Externally, we need to be aware of discrimination. The WordPress community as a whole is very open and welcoming, and there is a Code of Conduct for WordCamps, but there are occasional incidents victimizing both men and women.
Even something that seems small or minor can have a big impact on an individual. If a speaker is discriminated against or harassed on their first or second attempt at presenting, they may never attempt to present again.
We need to have open ears and open minds to hear about these things and the impact they can have. It’s not uncommon for women to be dismissed or discredited when they speak out about incidents where they felt uncomfortable or humiliated. We need to stop doing that and really listen and look at where we can make changes.
Natalie went on to say, “We should be sure that there are women in leadership positions and in speaker roles throughout the community. When other women see that, they are encouraged and think that it’s something they can do, too. I think the relatively high proportion of women is a really positive reflection on the WordPress community. We’re not perfect, but we’re so far ahead of other tech and dev communities. In that regard, the WordPress community is a leader and other tech/dev communities should be looking to us to figure out how they can be more welcoming and get more women involved.”
It is important that as a community, we continue to reach out to women to involve them and one way that this can be done is through education in offering beginning WordPress and coding classes to women to help them get a leg up on the latest web technologies.
This past weekend, I had the opportunity to teach an Introduction to WordPress class to group of seventeen young women. It was a three hour workshop put on by Girl Develop It! at Kleverdog Coworking in Chinatown. Girl Develop It! is a national organization that specializes in teaching affordable technology courses for women, and they even have a scholarship/financial assistance available for those in need. All are welcome to attend classes as long as they abide by the Girl Develop It Code of Conduct.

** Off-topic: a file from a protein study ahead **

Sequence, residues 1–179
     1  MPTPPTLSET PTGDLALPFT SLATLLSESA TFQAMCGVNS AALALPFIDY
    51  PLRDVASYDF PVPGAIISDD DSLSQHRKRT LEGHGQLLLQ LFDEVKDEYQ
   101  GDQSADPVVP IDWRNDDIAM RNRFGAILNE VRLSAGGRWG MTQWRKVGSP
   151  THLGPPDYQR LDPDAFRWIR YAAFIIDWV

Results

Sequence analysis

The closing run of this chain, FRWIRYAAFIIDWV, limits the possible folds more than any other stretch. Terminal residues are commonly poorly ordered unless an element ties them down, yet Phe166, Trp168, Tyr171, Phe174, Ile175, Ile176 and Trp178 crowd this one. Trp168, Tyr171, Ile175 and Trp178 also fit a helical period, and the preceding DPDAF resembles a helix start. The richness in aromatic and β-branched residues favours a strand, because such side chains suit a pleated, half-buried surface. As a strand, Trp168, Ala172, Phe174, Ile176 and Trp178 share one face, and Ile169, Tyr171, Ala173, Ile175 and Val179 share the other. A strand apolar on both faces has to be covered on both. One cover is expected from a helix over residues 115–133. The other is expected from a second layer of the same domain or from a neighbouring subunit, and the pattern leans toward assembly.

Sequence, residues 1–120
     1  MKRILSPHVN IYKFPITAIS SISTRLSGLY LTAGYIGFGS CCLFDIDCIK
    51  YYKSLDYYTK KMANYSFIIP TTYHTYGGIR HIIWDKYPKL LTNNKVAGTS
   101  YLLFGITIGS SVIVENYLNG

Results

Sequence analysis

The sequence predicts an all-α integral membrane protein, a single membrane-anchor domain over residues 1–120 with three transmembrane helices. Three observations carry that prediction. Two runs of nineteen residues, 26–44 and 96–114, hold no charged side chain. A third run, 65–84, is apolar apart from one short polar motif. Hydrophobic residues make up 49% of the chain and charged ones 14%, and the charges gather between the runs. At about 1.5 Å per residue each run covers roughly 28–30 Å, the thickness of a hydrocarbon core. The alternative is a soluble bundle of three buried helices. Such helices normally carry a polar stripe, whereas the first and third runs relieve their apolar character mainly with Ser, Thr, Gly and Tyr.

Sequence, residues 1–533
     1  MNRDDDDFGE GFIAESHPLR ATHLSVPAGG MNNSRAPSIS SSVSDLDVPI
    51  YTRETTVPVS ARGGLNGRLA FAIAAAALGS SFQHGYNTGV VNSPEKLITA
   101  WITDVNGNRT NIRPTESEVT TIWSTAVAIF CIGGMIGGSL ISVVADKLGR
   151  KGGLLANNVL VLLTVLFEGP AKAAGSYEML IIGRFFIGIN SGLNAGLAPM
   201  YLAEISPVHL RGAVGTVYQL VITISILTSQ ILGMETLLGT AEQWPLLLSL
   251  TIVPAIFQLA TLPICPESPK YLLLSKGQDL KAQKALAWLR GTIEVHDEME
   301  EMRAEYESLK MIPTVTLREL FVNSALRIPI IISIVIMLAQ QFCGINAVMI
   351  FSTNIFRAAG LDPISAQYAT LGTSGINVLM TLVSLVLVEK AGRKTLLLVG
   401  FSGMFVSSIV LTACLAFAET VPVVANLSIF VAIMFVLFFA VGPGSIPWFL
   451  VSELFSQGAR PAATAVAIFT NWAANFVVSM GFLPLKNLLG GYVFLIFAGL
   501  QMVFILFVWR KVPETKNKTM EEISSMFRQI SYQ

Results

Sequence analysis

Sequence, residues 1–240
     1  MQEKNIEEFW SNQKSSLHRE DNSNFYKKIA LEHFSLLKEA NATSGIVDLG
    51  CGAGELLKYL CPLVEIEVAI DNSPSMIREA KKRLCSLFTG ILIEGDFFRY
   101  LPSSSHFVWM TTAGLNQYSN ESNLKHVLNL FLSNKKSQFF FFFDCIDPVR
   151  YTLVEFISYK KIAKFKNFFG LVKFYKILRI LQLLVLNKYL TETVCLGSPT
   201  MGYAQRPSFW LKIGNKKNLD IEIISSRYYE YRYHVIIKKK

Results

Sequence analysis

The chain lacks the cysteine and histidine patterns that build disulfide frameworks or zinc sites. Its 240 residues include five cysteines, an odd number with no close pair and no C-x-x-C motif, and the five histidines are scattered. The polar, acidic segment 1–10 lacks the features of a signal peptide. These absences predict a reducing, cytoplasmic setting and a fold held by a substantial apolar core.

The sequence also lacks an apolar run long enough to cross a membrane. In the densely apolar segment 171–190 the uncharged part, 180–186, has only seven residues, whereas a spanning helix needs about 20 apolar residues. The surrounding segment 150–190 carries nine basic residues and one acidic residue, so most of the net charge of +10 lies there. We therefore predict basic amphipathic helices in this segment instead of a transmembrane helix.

I started by giving an overview about posts and pages, plugins, themes, settings, maintenance, and backups. We went over the difference between .com and .org, which is a source of confusion for many beginners. The intention of this class was to introduce the WordPress concepts to class participants in hopes of getting them more involved in the community and, of course, to come back and take more advanced classes and get into WordPress web development and, eventually, contribution.
Organizations like Girl Develop It! are targeted at teaching women the skills they need to be competitive in today’s job market, and more classes in WordPress are becoming available as the demand for these courses increases. The WordPress Foundation has stepped up to provide scholarships for women and I hope that other organizations follow suit. WordCamps and conferences are always looking for great women speakers, and the more women speak, the more visible we will be to young women wanting to break into the web technology field.
If you are interested in becoming more empowered (or know a woman in your life who would love to learn!), check out my next class, Intro to PHP and MySQL with Girl Develop It!, which starts February 14th and runs four consecutive weeks in Los Angeles. The following month (on March 14th), I will be teaching Intro to HTML and CSS, which is one of my favorite topics to teach about as it opens so many possibilities to beginners. Join us!